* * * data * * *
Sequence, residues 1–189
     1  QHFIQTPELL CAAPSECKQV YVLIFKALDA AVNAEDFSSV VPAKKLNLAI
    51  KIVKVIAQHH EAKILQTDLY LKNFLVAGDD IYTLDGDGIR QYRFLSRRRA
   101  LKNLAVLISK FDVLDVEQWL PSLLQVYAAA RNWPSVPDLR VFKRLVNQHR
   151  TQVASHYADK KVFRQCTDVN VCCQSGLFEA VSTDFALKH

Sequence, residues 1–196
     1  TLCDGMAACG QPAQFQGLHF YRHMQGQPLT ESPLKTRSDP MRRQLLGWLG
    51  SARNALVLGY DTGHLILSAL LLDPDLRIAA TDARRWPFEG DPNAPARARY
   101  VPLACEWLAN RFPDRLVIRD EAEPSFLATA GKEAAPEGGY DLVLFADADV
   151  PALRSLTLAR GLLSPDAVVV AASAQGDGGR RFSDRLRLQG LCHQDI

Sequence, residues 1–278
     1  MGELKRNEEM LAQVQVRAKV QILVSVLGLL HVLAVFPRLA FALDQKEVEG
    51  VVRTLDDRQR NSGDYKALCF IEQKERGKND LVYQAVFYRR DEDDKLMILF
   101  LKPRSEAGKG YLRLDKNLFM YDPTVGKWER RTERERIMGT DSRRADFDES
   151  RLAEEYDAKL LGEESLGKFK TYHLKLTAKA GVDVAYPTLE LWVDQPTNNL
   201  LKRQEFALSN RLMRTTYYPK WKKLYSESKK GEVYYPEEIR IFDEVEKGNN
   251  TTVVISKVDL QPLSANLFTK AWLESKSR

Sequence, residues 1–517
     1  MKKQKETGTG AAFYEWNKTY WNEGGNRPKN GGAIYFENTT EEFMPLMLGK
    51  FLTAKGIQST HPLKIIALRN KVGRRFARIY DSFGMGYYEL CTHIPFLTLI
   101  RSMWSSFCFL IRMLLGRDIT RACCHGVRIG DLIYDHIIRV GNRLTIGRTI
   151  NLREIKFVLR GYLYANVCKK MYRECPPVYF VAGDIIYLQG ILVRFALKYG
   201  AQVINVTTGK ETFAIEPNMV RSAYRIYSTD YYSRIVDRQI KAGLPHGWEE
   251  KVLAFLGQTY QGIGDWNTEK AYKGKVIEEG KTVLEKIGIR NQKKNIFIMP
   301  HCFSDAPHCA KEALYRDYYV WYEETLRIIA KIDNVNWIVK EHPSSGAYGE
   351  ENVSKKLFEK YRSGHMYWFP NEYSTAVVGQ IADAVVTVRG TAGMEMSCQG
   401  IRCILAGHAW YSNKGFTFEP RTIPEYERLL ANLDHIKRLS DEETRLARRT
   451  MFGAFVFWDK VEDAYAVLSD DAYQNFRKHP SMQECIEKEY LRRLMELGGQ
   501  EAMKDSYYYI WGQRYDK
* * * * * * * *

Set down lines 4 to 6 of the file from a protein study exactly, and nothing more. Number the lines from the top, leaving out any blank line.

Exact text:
   101  LKNLAVLISK FDVLDVEQWL PSLLQVYAAA RNWPSVPDLR VFKRLVNQHR
   151  TQVASHYADK KVFRQCTDVN VCCQSGLFEA VSTDFALKH

Sequence, residues 1–196